The case of the digital activist Ola Bini, who was arrested in April at an airport in Ecuador and held for seventy days in preventive detention before being granted habeas corpus relief, saw new developments as his defense lawyers filed malfeasance charges against the judge presiding over the case.
Bini's defense is accusing judge Yadira Proaño of disregarding legal standards after she denied Ola Bini bail on May 29 and included a new individual in the case last Tuesday, adjourning the case.
Carlos Soria, one of Bini’s lawyers, argued that the judge could not have denied him bail in the first place, because the bail petition they filed met every requirement of Ecuadorian law.
The country’s penal code establishes four reasons for which a detainee could not be granted release on bail: in case of crimes against minors, people with disabilities, or the elderly; crimes with a prison sentence longer than 5 years; when the accused has been previously released on bail and violated the conditions; and in cases of intra-family violence. The charges brought against Bini do not fall under any of these categories.
The defense claims that the judge did not comply with the law and therefore should be charged with malfeasance based on article 268 of the country’s penal code, which characterizes malfeasance as a crime committed by a judge when he or she “acts against the law, doing what it bans or failing to do something it requires.”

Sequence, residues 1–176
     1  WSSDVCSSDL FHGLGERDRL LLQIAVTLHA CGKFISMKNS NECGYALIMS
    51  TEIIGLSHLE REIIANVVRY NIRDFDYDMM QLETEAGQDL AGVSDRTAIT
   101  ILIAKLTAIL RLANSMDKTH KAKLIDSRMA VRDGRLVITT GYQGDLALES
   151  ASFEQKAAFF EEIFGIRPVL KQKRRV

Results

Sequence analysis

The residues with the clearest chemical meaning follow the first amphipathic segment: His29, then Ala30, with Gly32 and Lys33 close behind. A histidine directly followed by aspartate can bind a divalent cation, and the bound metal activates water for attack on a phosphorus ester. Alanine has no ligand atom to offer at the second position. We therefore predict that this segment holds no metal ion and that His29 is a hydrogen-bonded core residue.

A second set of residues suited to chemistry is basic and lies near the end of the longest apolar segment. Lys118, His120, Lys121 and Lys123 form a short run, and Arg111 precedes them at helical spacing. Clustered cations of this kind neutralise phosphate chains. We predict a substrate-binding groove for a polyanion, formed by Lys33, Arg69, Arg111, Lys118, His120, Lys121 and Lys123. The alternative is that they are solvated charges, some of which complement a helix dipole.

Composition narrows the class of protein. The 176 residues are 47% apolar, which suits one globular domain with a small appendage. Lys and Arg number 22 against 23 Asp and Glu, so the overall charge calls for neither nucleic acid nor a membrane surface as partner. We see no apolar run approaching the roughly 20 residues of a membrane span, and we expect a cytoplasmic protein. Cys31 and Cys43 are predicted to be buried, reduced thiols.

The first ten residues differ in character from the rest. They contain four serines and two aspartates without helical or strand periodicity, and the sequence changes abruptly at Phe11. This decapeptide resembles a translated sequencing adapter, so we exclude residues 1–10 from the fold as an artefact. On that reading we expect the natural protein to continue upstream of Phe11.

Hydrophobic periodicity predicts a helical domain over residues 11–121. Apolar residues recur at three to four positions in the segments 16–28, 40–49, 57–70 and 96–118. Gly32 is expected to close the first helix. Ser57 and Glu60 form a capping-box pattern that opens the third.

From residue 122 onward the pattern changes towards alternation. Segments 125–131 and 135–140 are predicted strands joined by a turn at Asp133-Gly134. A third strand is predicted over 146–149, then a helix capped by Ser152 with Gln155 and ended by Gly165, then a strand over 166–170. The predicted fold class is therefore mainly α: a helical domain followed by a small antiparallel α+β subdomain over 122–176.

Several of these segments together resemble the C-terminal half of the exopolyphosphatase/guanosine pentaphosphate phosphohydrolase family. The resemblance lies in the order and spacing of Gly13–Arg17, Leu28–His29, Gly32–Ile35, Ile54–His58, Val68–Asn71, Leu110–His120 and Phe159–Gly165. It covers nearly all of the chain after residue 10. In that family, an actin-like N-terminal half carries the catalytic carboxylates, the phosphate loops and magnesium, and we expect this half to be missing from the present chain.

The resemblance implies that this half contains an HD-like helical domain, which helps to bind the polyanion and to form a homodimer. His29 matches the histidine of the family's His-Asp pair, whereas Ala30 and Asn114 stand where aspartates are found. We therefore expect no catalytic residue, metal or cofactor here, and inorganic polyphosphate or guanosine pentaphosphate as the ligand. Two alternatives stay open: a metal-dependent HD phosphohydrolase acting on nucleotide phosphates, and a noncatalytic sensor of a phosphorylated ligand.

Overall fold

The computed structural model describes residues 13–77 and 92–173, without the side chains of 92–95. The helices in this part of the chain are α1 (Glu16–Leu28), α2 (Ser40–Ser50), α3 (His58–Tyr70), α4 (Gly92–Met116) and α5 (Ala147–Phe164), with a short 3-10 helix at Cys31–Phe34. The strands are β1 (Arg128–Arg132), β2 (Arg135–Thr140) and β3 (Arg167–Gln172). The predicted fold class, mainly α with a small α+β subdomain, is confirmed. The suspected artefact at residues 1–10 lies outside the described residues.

Ola Bini was granted habeas corpus relief on Jun. 20 after being held for more than two months in preventive detention without charges, even though the crime he is accused of has not been proved to have happened.
The digital activist’s lawyers argue that, by granting him habeas corpus relief, “the court acknowledges that the rights of the Swedish citizen were violated,” as Soria stated when he filed charges against judge Proaño.
Bini has to comply with a preliminary injunction and appear before the Federal Attorney General’s Office every Friday since Jun. 21. The court also barred him from leaving the country.
The Ecuadorian president, Lenín Moreno, claims the software developer was arrested for an alleged “plan to destabilize the president” and “hacker attacks,” but the accusation has consistently failed to demonstrate his alleged interference in Ecuadorian computer systems.
Edition: Pedro Ribeiro Nogueira | Translated by Aline Scátola